Reducing the risk of blindness caused by diabetes may be as simple as taking an aspirin every day, a study suggests.
Researchers looking into retinopathy, the leading cause of blindness in the United States and a common complication of diabetes, say the condition appears to be caused in part by hundreds of microscopic blood clots that form in the eye.
Writing in this month's issue of the journal Diabetes, they said that aspirin, if taken early enough, might prevent the disease.
The report was prepared by Dr. Mara Lorenzi and colleagues at the Schepens Eye Research Institute at Harvard.
Aspirin is already commonly recommended by doctors for patients at risk of cardiovascular disease because it can help prevent the clots that can lead to strokes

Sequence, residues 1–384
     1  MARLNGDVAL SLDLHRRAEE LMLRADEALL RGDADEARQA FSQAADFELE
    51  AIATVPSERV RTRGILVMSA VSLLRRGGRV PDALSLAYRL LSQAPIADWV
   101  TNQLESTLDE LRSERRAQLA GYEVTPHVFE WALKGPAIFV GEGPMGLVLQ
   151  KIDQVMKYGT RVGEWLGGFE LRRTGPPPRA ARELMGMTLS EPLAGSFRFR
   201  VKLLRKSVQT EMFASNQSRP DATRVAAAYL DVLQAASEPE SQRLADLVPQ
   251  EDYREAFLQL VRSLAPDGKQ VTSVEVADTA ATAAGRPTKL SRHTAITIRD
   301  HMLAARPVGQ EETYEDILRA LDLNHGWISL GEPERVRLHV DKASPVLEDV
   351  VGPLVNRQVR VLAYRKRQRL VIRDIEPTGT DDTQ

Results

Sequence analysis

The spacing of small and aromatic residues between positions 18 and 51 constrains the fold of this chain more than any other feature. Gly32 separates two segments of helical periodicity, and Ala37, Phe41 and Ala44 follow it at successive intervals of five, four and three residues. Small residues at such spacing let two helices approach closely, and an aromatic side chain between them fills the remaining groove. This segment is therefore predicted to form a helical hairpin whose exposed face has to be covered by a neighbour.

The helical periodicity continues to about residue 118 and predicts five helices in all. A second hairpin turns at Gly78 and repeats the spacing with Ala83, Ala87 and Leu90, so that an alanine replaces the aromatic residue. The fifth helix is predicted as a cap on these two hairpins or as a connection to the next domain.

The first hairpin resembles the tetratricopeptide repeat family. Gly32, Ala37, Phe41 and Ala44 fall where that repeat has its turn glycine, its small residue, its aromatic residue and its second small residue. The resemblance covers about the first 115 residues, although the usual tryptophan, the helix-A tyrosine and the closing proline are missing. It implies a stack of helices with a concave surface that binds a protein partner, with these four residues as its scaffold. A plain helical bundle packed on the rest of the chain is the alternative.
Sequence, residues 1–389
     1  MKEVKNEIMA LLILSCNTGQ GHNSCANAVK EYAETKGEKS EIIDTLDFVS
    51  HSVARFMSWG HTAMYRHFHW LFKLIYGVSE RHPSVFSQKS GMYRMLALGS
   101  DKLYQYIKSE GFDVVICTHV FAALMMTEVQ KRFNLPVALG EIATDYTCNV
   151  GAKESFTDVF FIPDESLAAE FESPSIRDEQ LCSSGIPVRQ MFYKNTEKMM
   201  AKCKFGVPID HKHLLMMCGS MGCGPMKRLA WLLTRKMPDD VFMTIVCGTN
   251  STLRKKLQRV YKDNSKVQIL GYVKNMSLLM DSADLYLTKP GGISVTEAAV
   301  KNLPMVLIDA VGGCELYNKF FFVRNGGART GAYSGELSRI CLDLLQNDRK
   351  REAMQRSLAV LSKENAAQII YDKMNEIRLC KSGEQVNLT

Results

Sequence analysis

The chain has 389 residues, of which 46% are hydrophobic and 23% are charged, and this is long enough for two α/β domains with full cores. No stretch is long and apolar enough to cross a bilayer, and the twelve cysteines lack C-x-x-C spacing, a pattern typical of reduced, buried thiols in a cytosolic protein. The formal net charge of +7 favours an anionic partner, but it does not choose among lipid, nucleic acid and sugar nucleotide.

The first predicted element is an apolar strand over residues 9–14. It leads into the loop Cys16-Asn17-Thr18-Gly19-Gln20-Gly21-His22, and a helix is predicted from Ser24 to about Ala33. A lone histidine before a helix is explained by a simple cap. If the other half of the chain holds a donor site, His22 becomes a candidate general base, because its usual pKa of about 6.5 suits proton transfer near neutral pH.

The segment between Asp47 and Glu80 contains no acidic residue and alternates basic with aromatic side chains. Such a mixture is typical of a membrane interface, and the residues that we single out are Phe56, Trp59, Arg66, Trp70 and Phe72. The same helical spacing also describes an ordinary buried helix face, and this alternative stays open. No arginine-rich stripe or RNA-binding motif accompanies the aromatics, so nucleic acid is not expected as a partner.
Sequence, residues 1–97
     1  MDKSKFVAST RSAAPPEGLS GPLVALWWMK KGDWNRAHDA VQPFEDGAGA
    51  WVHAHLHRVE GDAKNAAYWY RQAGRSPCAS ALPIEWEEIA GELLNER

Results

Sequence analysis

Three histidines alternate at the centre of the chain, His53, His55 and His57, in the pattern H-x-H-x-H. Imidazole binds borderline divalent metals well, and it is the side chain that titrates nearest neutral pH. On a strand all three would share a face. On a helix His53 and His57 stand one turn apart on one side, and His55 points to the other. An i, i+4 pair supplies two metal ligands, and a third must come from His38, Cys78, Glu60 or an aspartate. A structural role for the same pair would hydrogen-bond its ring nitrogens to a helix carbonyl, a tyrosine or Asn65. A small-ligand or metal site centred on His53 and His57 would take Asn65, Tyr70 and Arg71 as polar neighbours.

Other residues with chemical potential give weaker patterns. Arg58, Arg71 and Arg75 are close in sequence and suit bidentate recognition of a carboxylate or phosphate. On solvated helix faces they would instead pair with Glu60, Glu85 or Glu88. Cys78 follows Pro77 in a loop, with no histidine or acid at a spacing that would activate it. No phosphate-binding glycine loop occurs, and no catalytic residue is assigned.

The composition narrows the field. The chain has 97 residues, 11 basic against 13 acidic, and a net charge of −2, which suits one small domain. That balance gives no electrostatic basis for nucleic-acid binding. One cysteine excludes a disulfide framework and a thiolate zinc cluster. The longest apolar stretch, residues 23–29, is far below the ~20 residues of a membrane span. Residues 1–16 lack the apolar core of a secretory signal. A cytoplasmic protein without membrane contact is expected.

and heart attacks. The American Diabetes Association counsels diabetics to take it for that reason.
But with new research showing evidence that blood clots may also explain the blindness common among diabetics — as many as 24,000 cases a year, the researchers estimate — aspirin may have a new role to play.
The researchers said they had found four times as many blood clots in the eyes of diabetics as in people without the disease. As the number of clots increases, the researchers said, the clots block blood flow to the retina, setting into motion a series of changes in the eye that lead to the blindness.
For aspirin therapy to be effective, they said, it must begin in the early stages of the disease.